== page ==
Imagine living in a community floating on the sea, complete with housing, hospitals, schools, farms, theme parks, and even columbariums! It might seem like a stretch to even begin visualising this, but seven Master's students from NUS Architecture have created design proposals for 10 such facilities.
These 10 designs are part of the Masters of Architecture Thesis Projects, where students address a topic of significant global need and use it as a vehicle for design inquiry and research. “The students developed individual propositions which form a collective solution to propose an offshore alternative to landed settlements. The projects rethink the way we use natural resources in sustaining our productive economies,” said NUS Architecture Associate Professor Joseph Lim, who gave research direction to the students.
Collectively awarded this year’s Lim Chong Keat prize for the most rigorous experimental thesis in architecture, the projects all involved repurposing three common oilrigs in the marine industry — jack-up platforms, semi submersibles and super barges.
“As our world today is moving towards alternative sources of energy and our reliance on fossil fuels declines, oil platforms and oilrigs are becoming obsolete. These oilrigs are massive superstructures — some comparable to the Eiffel tower — so instead of scraping them, our studio sees them as opportunities to create hybrid building typologies for a self-sustaining offshore settlement,” shared Mr Christopher Wijatno, NUS Architecture Masters’ graduate and leader of the student team.
The team identified key operations in a megacity that are land and resource intensive, Mr Wijatno added. The projects span a range of functions, including food supply, energy generation, and governance, as well as residential and recreational use.
One of the facilities involves the integration of a fish farm and a vegetable farm, which addresses the issue of a dwindling global supply of fish. The rig is designed to have aquaponics systems on the vertical faces and fish tanks on the platforms, with nets attached to the bottom of the rig to house adult fish. The design also includes worker accommodation in capsules and waste treatment facilities.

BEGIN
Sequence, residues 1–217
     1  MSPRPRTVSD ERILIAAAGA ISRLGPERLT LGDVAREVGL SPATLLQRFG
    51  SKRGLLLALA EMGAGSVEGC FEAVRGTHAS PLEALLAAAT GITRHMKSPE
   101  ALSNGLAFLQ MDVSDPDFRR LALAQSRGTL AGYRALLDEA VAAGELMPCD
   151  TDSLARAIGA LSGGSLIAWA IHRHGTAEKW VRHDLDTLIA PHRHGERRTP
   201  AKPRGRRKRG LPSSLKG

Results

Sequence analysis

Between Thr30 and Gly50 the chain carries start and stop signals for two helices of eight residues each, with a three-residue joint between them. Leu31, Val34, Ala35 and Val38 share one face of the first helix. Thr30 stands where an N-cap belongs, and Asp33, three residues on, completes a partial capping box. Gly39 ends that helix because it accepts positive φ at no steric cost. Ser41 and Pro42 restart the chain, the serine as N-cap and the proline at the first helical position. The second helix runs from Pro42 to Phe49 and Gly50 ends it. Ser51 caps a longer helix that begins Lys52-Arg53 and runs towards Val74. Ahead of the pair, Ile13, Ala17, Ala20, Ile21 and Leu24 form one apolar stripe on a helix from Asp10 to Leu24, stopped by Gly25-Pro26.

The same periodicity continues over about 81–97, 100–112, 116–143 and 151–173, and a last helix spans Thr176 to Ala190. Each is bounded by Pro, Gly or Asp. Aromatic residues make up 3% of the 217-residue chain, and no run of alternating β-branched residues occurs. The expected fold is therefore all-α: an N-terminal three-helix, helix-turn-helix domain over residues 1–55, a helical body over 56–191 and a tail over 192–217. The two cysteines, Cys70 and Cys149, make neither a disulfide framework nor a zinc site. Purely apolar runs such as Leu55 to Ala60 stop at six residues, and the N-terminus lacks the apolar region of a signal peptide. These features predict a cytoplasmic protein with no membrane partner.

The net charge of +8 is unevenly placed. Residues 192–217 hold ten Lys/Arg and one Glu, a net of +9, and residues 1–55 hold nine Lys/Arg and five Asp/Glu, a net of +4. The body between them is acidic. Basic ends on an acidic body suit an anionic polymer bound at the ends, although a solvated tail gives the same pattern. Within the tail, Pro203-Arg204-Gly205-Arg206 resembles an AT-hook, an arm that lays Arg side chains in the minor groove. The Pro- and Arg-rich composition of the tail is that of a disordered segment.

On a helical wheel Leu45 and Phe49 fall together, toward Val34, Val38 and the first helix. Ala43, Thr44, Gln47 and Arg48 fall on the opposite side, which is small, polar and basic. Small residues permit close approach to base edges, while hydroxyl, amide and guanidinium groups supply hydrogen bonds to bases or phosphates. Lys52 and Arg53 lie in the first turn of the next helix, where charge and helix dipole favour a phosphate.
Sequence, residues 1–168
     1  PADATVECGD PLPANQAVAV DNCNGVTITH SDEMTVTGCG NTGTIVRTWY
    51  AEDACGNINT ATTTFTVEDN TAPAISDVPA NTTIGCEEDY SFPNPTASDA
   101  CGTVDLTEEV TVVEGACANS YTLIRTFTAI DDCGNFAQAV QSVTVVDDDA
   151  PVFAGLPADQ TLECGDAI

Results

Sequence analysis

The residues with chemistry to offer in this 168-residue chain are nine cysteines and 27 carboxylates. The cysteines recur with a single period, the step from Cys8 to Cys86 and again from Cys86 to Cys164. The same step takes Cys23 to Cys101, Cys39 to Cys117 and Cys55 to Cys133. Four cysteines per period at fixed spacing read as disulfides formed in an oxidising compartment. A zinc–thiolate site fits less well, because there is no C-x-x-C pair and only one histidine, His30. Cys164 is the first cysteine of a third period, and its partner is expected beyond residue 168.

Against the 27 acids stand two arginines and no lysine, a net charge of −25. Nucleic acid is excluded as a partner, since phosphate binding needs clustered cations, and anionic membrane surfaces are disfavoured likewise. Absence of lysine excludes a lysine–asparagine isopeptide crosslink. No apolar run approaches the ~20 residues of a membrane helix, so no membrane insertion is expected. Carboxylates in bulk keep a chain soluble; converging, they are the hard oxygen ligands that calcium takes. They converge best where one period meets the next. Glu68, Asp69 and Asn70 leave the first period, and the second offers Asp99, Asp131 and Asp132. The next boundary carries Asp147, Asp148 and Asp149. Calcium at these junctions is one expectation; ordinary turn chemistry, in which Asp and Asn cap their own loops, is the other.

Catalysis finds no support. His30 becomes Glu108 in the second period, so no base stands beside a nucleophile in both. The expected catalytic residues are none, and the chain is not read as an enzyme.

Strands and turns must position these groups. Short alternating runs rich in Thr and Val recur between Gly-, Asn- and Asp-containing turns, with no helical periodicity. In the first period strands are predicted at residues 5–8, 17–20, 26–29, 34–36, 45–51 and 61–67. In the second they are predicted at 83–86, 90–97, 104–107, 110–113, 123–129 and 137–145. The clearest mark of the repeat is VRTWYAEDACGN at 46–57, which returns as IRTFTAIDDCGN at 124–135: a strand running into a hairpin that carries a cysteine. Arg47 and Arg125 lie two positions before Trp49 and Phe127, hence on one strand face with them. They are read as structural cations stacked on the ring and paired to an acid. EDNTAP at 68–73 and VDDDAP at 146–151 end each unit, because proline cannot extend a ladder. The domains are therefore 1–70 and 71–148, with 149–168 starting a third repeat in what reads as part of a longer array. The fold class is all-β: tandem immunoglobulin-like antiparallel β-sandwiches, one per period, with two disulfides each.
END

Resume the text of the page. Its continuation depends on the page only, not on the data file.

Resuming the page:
Another project looks to solve the problems of post-disaster housing. The proposed design equips a super barge with cranes and container box accommodation, waste water treatment and aquaponics systems, and can sail to disaster locations and set up within a week.
Even the prison system was addressed. The proposed design fits a semi-submersible with cells and warden accommodation, as well as aquaponics systems for food supply. Intended to be run on wave-generated electrical power, the design aims to combat the costs of providing food to inmates and overcrowding.
“Our floating settlements avoid the problems of urban heat island effect and land scarcity. By harnessing wave energy and closing the waste to resource loop, they are able to achieve self-sufficiency in energy, food and water without causing harm to the marine ecosystem. Surpluses produced from floating settlements could also help replenish the world's resources and allow it to regenerate,” Mr Wijatno elaborated. Urban heat island effect refers to an urban area that is consistently warmer than its rural neighbours — often a consequence of extensive land modifications.
The team has received some enquiries from industry to explore these ideas further. Assoc Prof Lim shared that the department is also approaching global organisations involved in humanitarian aid and emergency relief operations.
Mr Wijatno is hopeful about the reception of their designs, cheerfully declaring, “It can serve as a platform for further discussions among academics and governing bodies to recognise that ‘Hey, this is not such a crazy idea after all'!”
The projects are currently on exhibition in University Town until 31 July.